My Mother’s Hair

My Mother’s Hair

My mother’s hair always escaped

from under her red kerchief or the

hairspray

lacquered on  for control and the hair

often went

dancing in a night club in Manhattan

even when she was in labor with

one of us. You can’t control wildness.

My mother lay, legs askew, baby

coming, never having  to push as Dr. Leroy

removed us with forceps while her hair was

dancing at the Stork Club and her waist, so

thin

turning sideways she could have been

an exclamation point or a bent spoon.

Her hair, curled in the heat and the moist

music, was happy as rhythm was the

clef of curl and the smoke, the smoke,

smoothed her out and persuaded her

life could be El Morocco and the possibility

of finding Mr.Rich.

Even after she found him she

worried he wouldn’t stay. He told her to

make

her hair softer. It was always

touch and go but he made the rules.

Older, her hair curled around nurses

who loved her sweetness while her children

longed to hear her truth.

You see, life was a silken tendril and a

Frigidaire,

TV dinners and flowered dresses with waists

cinched by men who knew how to lead.

Scissors hadn’t been invented and music

could anesthetize freedom. Hair could go

anywhere.

Travels with Trulia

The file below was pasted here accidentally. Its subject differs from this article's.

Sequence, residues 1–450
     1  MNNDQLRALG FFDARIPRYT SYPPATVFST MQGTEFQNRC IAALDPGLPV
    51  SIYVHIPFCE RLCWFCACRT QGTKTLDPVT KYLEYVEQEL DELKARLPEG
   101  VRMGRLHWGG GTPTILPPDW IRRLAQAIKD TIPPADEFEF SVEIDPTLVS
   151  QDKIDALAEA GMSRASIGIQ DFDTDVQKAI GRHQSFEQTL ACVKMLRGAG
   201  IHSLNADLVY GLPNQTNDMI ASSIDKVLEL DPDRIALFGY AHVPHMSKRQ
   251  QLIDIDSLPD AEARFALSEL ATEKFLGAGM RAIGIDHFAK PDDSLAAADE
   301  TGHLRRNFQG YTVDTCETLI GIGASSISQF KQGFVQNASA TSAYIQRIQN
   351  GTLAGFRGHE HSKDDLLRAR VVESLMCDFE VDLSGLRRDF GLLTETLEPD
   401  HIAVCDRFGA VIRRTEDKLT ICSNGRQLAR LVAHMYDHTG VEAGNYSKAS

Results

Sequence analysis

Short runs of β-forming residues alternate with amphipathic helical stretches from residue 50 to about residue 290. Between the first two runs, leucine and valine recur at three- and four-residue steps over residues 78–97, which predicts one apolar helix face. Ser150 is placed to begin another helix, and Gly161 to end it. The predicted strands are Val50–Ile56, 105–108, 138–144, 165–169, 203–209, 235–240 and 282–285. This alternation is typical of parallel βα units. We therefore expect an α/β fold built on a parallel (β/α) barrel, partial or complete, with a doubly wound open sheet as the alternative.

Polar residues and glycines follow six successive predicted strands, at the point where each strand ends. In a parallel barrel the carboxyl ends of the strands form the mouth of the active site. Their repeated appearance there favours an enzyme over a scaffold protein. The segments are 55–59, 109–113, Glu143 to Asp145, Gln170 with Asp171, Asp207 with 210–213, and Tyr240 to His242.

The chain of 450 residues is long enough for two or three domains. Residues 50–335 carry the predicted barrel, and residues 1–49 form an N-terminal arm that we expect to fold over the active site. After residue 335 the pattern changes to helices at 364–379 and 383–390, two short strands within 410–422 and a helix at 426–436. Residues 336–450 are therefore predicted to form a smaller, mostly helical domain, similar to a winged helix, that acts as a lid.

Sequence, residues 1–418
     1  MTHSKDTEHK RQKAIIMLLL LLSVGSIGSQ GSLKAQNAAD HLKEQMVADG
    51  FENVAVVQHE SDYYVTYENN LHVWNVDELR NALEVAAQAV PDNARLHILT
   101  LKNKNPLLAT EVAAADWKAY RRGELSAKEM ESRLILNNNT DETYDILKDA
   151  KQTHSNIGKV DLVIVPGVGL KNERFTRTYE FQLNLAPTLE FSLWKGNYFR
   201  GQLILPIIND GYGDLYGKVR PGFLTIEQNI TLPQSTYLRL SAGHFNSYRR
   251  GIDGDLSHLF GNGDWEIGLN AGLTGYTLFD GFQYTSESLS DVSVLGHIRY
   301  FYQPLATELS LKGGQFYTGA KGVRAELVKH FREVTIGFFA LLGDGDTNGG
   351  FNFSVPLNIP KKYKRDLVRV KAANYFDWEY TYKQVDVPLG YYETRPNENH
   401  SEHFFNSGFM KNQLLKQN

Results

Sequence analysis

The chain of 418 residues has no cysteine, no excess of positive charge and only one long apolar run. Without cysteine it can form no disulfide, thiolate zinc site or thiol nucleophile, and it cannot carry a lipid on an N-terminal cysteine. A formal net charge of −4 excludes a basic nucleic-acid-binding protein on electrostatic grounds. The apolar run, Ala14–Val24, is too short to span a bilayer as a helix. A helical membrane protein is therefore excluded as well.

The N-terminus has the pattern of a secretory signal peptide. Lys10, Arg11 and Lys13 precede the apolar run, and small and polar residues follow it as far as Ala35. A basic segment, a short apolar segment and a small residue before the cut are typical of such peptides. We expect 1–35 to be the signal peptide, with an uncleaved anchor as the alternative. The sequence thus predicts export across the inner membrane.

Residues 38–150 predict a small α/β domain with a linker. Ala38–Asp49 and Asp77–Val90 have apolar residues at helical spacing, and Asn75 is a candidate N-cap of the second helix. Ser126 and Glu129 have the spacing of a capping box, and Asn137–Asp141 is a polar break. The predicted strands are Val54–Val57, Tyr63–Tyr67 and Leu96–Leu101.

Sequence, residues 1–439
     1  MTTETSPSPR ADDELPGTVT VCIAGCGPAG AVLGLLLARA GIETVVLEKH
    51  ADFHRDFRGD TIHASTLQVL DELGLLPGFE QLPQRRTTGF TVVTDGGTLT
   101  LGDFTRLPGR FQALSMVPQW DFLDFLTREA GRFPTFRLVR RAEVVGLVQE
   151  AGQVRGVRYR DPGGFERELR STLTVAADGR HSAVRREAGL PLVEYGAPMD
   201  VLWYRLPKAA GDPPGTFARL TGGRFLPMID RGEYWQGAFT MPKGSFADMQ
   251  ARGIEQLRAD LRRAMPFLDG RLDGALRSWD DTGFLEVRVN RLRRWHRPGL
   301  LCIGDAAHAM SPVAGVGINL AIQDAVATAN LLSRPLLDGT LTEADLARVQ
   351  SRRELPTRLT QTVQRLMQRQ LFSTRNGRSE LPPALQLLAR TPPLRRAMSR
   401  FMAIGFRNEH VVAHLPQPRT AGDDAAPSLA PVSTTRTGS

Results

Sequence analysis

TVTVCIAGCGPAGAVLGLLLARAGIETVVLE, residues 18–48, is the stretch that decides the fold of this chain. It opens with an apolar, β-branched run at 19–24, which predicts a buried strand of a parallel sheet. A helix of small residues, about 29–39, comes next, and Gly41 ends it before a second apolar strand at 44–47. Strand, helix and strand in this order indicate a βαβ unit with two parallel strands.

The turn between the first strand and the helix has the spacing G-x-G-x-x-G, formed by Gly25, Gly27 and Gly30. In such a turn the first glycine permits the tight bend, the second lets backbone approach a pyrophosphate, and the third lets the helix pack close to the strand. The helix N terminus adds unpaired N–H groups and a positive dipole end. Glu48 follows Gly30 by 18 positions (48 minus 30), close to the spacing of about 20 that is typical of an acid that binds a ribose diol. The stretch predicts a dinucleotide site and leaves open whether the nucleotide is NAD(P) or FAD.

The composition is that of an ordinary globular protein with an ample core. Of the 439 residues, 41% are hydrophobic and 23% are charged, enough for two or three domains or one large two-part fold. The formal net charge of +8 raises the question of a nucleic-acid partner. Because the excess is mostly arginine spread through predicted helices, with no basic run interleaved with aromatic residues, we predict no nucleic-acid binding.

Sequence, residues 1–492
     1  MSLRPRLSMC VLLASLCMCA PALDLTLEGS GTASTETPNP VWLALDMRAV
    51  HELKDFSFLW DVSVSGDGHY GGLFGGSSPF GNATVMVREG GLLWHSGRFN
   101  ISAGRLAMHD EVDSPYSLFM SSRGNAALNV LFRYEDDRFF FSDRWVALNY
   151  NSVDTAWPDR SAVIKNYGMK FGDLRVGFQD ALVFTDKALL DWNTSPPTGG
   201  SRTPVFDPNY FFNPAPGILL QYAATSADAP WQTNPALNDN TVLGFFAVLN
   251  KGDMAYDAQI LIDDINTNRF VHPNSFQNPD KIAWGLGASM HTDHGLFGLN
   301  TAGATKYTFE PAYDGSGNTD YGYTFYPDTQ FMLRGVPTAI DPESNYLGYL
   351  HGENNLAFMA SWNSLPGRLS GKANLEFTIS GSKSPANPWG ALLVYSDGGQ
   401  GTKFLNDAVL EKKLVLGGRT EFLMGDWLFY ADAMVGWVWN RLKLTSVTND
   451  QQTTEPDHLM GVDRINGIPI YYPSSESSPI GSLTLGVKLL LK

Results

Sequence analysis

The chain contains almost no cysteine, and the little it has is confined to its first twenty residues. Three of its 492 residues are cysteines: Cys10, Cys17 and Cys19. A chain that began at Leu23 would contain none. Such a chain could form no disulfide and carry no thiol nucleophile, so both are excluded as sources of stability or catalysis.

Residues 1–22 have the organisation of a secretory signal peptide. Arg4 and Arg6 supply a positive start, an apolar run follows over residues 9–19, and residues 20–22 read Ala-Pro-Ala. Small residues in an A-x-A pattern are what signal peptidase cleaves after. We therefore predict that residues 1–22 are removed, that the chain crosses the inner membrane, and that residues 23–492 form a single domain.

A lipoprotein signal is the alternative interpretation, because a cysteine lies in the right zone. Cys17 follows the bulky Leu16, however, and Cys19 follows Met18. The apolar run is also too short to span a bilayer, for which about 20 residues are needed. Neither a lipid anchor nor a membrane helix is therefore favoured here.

Trulia is my travel agent of emotional escapes and several times a week I am a voyeur into other people’s lives. There are several settings to consider before I go on my trip: price, location, amount of bedrooms and bathrooms, acreage, and one that I always take seriously which is fireplaces. Once I have made my selection, I begin my voyage. I prefer houses that range in price from 10 to 20 million with at least seven bedrooms because then I have a lot to manage. It’s important to have staff rooms as well. Yesterday I transported myself into a mansion in Pebble Beach, California. The rooms were large and had heavily ornate little metal crosses on the walls and enormous arrangements of dried flowers in dark, muted colors like vampire rooms.There was a dining room with a stand in the corner for reading the Bible and at least three kitchens spread throughout the house. My very favorite room, however, gave me the inspiration that I had been looking for. The master bedroom. There was an enormous bed with a headboard covered in powder and silk and a duvet also covered in the same silk spread over the feet. The nightstands consisted of pieces of glass balance upon carved gold wood made to look like unicorns who are slightly crazed. There, above the fireplace, was a portrait of the mistress of the house and when I saw the portrait I knew I had found my true self. She was blonde with babe hair that hung to her waist and was thick and wavy.She wore a black knit dress, unbuttoned, and a black lace bra under that. The black dress clung to her curves and she was leaning forward with both hands holding onto a couch breasts pressed forward as if to say I’ve got you in the palm of my hand. She was a dame. She was a slut. She was in control. There was no question that this was her House. Oh! How I wanted to be her! Powerful! Sexy! Men falling at her feet! She probably had a gun underneath that black dress. She never suffered from loneliness or despair or depression or anxiety. No way Jose. She just lived in this giant house and swished around the hallways in her black dress and bossed people, Particularly men. It was really hard to leave that Trulia house.I figured if I stayed long enough staring at those photos I would end out being just like her.Fearless and powerful and as a woman who had never been victimized.